In the past decade, southern Africa has confirmed its crucial role in understanding the emergence of those patterns of behaviour that may uniquely characterise our species.
This realisation – founded largely in projects undertaken at Blombos,1 Sibudu,2
Diepkloof3 and Pinnacle
builds on genetic studies that identify sub-Saharan Africa as the area where Homo sapiens evolved and to which all humans alive today trace their
ancestry.5 It builds, too, on earlier archaeological fieldwork, notably at Klasies River,6 the finds
from which remain among the oldest anatomically
modern human remains in the world. Another South African site, Border Cave in KwaZulu-Natal’s Lebombo Mountains, has also long been at the heart of these discussions,
as a paper published in this journal in 1978 made clear.7 Now, in two papers just published in the Proceedings of the National Academy of
Sciences,8,9 Paola Villa, Francesco d’Errico and their collaborators identify new patterns of material
culture dating to about 43 000 years ago
that they see as marking both the beginning of the Later Stone Age and the emergence of adaptations directly ancestral to those recorded ethnographically among southern
Africa’s San peoples.
The finds concerned come principally from Border Cave’s 1WA and 1BS Lower B+C layers, now unequivocally dated by multiple accelerator mass spectrometry radiocarbon
determinations to 44 ka – 42 ka cal. BP, as well as from underlying layers associated with a post-Howiesons Poort Middle Stone Age (MSA) toolkit dated by
radiocarbon and electron spin resonance to 60 ka – 45 ka. Detailed analysis of the associated artefacts shows that some time after 56 ka the stone tools
made by Border Cave’s inhabitants underwent pronounced simplification toward a microlithic and much more expedient technology that lacked standardised reduction
sequences, and eschewed the carefully made points and other retouched pieces of the MSA. The unretouched microliths now emphasised were clearly hafted, as rare examples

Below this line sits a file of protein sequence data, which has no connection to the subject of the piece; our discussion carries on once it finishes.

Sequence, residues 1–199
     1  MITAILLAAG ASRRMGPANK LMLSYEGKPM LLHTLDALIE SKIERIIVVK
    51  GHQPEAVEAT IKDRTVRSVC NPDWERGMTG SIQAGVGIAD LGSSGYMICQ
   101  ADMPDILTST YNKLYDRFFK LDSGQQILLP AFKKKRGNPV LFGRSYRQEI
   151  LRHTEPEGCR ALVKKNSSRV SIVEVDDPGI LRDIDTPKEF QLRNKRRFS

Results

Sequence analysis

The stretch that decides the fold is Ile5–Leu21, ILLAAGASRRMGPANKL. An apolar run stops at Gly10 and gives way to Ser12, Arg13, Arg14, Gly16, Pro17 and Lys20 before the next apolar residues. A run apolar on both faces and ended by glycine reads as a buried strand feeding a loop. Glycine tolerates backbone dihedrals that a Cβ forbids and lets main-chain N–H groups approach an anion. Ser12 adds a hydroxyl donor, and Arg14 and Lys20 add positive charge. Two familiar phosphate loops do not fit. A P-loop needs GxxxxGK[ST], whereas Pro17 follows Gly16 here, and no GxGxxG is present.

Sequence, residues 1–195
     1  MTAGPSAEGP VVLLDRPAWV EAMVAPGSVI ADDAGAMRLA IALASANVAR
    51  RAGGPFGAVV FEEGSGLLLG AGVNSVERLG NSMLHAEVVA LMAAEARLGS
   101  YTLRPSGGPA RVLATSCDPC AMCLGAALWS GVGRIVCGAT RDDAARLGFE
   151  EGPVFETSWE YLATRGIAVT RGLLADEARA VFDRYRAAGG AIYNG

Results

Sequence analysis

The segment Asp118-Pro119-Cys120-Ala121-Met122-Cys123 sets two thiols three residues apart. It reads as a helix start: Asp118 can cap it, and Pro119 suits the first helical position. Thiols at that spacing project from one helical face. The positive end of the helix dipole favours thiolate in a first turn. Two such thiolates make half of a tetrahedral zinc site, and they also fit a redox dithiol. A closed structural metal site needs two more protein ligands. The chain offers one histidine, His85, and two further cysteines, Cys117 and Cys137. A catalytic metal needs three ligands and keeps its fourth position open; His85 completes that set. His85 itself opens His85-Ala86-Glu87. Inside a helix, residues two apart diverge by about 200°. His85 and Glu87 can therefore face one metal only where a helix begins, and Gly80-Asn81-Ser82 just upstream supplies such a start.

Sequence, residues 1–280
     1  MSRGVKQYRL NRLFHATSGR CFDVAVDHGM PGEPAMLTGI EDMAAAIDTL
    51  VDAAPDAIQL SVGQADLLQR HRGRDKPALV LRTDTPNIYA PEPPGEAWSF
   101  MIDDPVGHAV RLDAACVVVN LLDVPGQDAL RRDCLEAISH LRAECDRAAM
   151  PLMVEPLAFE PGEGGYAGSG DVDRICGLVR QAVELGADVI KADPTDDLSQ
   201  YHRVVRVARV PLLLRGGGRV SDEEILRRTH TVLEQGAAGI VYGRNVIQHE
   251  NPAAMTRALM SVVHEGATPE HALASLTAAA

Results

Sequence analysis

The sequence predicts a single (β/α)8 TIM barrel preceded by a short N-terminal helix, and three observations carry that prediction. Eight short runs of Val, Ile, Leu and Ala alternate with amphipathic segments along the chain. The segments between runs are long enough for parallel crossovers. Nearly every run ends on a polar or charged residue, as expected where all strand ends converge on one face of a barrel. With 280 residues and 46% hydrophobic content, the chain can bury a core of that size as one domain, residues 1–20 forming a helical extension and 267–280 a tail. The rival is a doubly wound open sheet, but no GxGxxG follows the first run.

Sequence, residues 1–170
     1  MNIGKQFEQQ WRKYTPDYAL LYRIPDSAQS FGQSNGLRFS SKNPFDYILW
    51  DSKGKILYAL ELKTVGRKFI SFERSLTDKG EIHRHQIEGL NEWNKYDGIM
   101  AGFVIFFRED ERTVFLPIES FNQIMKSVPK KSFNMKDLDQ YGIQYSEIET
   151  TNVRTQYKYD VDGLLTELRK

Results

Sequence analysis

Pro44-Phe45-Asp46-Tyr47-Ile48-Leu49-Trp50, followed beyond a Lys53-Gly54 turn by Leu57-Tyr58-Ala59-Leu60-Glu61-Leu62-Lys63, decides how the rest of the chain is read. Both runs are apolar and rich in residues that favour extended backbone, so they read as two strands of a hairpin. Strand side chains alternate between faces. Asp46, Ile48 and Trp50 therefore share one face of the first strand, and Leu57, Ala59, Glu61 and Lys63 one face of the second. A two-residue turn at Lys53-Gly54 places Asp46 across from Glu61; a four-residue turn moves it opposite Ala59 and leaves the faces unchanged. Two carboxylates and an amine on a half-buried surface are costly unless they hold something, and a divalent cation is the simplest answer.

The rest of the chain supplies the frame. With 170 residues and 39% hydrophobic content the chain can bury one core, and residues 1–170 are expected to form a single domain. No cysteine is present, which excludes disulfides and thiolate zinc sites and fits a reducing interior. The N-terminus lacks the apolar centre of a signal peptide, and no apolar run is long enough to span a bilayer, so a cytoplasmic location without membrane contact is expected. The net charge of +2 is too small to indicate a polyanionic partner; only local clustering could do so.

that retain organic material indicate; the adhesive used probably comes from the bark of the Breede River yellowwood (Podocarpus elongatus), a species now confined
to the Western Cape, but evidently more widespread during the generally cooler conditions of Marine Isotope Stage (MIS) 3 (59 ka – 25 ka). Interestingly, no
trace was found of red ochre, which MSA people at Sibudu Cave in south-central KwaZulu-Natal added to resin to create a stronger mount.10
Border Cave’s exceptionally dry conditions preserved many other organic remains, some not previously reported: worked bushpig or warthog tusks; notched bones;
bone tools (including several points and awls); ostrich eggshell beads (some perhaps intentionally blackened) and others made from Nassarius kraussianus, an
estuarine mollusc; fragments of a wooden digging stick; a shaped stick bearing traces of poison (probably from castor beans, Ricinus communis); and a lump of
fibre-bound beeswax mixed with poisonous Euphorbia tirucalli resin. Several of these finds were directly dated: a bead to ~42 ka, the digging stick
to ~39 ka, the beeswax to ~40 ka and the poison applicator to ~24 ka; these last two dates extend by almost an order of magnitude the use of poison in
southern Africa. Some of the tusks and one of the notched bones are as old as 60 000 years, but the remaining finds are all associated with the expedient, microlithic
toolkit from 1WA and 1 BS L.B-C.